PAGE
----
discover-popcon

Getting it to work in Neon developer editions is future work I fear.

 

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KDE 1 neon LTS Released: 20 Years of Supporting Freedom

To celebrate KDE’s 20th birthday today, the great KDE developer Helio Castro has launched KDE 1, the ultimate in long term support software with a 20 year support period.

KDE neon has now, using the latest containerised continuous integration technologies released KDE1 neon Docker images for your friendly local devop to deploy.

Give it a shot with:

apt install docker xserver-xephyr
adduser <username> docker
<log out and in again>
Xephyr :1 -screen 1024×768 &
docker pull jriddell/kde1neon
docker run -v /tmp/.X11-unix:/tmp/.X11-unix jriddell/kde1neon

(The Docker image isn’t optimised at all and probably needs to download 10GB, have fun!)

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Plasma 5.8 LTS now in KDE neon, Time to Look Again at Comprehensive Features; Gwenview Plugins Install

Plasma 5.8 LTS has been released, it’s time now to look again at Plasma’s comprehensive features.  Chris From the Linux Action Show voiced our Plasma 5.8 video so you can review the comprehensive features we’ve been polishing for the last couple of years and the shiny new ones in this release to make a desktop we’re proud to advocate to enthusiasts, home users, businesses and developers alike.


The KDE neon builders have been firing away this afternoon and Plasma 5.8 LTS is now available in the User Edition archive.  If you don’t already have KDE neon installed you can grab the latest User Edition ISO to install it on your hard disk.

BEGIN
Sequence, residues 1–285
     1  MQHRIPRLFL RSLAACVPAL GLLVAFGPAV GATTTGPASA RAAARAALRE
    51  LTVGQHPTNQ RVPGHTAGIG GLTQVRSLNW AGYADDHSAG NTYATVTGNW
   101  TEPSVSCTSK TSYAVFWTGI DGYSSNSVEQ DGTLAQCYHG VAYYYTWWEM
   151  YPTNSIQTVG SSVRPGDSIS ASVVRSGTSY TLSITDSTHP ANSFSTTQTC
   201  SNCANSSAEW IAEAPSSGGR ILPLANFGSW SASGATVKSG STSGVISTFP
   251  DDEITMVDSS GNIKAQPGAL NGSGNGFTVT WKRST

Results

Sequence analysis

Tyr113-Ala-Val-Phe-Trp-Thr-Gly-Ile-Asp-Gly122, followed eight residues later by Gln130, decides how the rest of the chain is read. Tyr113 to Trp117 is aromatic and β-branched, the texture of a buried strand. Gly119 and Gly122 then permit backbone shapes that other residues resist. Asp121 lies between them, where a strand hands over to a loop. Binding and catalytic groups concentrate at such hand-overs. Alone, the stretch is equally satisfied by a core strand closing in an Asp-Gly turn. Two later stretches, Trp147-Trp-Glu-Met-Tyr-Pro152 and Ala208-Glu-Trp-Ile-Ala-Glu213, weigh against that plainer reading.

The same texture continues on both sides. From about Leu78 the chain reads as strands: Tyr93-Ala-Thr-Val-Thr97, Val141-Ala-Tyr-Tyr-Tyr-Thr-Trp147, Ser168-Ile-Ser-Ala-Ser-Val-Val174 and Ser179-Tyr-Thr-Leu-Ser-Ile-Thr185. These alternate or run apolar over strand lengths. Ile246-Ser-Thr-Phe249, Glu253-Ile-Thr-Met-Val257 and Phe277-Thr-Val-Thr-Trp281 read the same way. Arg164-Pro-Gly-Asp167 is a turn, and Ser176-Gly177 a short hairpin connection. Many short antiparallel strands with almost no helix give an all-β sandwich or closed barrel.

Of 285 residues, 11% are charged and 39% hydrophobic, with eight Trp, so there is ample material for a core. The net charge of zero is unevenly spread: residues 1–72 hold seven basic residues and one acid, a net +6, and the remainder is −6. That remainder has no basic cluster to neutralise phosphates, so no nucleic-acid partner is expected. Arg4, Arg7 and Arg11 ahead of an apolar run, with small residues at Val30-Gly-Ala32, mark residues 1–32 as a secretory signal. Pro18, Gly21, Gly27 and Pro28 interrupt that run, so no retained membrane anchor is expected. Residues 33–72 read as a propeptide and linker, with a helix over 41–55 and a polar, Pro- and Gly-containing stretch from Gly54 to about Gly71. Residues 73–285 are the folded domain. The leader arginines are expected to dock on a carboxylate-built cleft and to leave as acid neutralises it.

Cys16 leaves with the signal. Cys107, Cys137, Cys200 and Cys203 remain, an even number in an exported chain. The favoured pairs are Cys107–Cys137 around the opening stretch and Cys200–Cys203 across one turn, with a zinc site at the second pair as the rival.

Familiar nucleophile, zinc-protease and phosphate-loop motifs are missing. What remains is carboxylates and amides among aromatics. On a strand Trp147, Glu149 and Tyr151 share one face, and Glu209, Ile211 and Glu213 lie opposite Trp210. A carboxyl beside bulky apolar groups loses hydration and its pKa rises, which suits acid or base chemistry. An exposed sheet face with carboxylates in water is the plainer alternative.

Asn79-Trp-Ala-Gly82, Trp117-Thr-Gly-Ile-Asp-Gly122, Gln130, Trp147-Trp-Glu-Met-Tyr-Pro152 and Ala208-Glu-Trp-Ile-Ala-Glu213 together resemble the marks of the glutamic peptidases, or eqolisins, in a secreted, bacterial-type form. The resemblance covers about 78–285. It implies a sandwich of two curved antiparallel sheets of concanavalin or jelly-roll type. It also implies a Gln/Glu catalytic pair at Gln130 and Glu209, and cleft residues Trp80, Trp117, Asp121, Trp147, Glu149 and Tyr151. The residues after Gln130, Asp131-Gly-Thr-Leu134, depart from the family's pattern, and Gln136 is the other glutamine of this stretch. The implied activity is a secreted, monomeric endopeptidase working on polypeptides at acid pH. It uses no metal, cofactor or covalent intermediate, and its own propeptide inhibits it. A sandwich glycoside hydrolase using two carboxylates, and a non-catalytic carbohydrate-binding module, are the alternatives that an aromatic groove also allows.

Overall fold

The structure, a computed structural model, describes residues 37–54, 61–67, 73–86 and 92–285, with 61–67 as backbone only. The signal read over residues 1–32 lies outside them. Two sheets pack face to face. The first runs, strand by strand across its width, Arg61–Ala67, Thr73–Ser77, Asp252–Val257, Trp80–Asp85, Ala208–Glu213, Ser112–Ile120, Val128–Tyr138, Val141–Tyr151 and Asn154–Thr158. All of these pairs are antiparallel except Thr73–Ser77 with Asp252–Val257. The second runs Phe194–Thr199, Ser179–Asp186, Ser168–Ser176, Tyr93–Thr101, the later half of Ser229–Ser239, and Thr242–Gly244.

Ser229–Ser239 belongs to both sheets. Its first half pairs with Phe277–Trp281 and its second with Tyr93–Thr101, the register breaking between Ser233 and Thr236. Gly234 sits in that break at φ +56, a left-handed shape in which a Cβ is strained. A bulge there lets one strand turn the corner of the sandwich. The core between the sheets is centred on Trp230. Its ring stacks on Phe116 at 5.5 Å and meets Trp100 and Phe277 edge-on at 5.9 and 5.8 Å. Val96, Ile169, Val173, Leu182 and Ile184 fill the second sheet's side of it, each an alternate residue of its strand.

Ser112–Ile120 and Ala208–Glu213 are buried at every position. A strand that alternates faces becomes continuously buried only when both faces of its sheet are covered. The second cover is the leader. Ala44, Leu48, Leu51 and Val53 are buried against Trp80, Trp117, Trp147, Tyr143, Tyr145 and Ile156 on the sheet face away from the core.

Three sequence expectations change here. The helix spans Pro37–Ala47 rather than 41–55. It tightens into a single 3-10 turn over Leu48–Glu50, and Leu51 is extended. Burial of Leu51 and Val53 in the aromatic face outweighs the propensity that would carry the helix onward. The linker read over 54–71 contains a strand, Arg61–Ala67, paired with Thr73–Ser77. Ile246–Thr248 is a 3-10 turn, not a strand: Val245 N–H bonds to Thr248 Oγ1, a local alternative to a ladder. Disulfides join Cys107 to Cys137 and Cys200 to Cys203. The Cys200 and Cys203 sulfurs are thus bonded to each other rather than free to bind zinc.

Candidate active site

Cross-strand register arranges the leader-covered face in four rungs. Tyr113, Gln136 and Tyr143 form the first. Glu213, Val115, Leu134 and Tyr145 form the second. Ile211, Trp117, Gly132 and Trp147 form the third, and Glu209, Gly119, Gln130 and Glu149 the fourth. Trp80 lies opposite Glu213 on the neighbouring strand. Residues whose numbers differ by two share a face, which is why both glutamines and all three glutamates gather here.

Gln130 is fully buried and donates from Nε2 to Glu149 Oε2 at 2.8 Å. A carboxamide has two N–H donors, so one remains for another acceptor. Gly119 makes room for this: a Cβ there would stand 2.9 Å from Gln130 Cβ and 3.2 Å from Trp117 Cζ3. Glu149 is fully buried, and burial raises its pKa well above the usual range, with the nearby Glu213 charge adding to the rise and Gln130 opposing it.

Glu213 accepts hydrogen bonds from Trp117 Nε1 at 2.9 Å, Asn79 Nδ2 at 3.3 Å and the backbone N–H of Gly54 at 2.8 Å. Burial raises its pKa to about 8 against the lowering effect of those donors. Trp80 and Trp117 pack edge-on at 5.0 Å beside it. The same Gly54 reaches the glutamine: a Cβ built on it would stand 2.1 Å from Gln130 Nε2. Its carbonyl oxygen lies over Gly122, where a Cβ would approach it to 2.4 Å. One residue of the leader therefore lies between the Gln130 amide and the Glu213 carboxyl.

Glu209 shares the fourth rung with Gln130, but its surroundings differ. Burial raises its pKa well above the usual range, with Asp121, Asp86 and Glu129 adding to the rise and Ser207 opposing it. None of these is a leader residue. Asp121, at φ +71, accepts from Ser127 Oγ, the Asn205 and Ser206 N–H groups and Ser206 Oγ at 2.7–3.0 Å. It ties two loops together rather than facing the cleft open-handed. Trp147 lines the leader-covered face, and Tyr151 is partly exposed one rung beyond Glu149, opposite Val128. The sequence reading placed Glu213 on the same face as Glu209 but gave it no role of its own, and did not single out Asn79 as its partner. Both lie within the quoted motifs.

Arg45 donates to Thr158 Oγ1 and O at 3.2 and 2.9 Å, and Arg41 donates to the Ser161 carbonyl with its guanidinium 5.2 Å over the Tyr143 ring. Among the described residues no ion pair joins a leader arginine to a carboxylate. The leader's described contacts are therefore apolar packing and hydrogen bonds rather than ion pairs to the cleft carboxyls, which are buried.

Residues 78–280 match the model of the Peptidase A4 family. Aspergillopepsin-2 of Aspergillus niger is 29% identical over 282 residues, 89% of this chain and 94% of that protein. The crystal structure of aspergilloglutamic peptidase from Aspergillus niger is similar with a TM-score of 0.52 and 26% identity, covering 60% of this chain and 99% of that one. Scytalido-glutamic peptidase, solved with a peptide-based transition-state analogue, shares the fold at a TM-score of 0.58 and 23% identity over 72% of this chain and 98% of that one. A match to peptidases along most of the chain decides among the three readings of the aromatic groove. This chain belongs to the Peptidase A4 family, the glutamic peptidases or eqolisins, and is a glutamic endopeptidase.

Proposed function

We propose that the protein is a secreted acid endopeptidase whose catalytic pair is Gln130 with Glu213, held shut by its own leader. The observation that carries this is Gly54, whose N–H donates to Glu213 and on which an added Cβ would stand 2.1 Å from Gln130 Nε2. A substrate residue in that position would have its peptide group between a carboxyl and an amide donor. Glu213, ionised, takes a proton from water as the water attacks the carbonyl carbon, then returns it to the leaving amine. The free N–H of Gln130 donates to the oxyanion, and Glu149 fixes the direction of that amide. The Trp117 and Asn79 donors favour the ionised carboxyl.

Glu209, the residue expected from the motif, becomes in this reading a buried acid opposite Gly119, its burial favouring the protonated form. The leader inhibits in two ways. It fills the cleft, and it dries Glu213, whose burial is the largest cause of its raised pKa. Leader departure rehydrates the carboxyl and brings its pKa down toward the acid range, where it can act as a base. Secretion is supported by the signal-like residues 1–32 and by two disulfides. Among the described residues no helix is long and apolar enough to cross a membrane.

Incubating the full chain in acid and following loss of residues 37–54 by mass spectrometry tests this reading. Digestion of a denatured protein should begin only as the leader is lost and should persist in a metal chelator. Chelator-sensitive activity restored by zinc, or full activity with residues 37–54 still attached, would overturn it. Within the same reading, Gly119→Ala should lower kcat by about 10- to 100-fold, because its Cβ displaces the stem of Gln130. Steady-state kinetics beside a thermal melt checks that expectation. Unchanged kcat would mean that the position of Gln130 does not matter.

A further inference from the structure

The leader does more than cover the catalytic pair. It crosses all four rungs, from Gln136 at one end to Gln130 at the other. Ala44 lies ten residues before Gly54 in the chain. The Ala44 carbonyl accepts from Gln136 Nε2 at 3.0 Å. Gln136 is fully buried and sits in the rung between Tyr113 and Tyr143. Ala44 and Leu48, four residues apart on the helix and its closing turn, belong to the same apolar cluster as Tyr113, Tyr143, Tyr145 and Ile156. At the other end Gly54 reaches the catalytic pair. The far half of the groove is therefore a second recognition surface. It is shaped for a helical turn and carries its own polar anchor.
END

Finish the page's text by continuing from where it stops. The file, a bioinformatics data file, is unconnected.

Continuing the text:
A feature I’ve been wanting for ages in KDE is the ability to install plugins from within the application.  This was made more urgent when we added Gwenview in KDE neon and had to choose between either an empty Plugins menu or adding a dependency on Kipi Plugins which brought in Konqueror and several KDElibs 4 tools.

So I got round to coding the feature based on discussions I’d had previously and work on the Samba browser in Dolphin I’d done before.  Using Packagekit and Appstream libraries directly to find the package and install it.  But some reviewers convinced me to use an external app to care about the install.  So now all Gwenview does it launch the Appstream URL and wait until a plugin gets installed.  In Plasma’s case that means Discover starts up and uses Packagekit or whatever backend it’s set up with to install Kipi Plugins.  A nice bit of integration there. Future work would be to put this functionality in Kipi Plugins directly so all apps can use it without much effort.  Where else can KDE apps benefit from being able to install addons within the app?

Gwenview’s Kipi plugins installer now in master

 

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In Defence for Permissive Licences; KDE licence policy update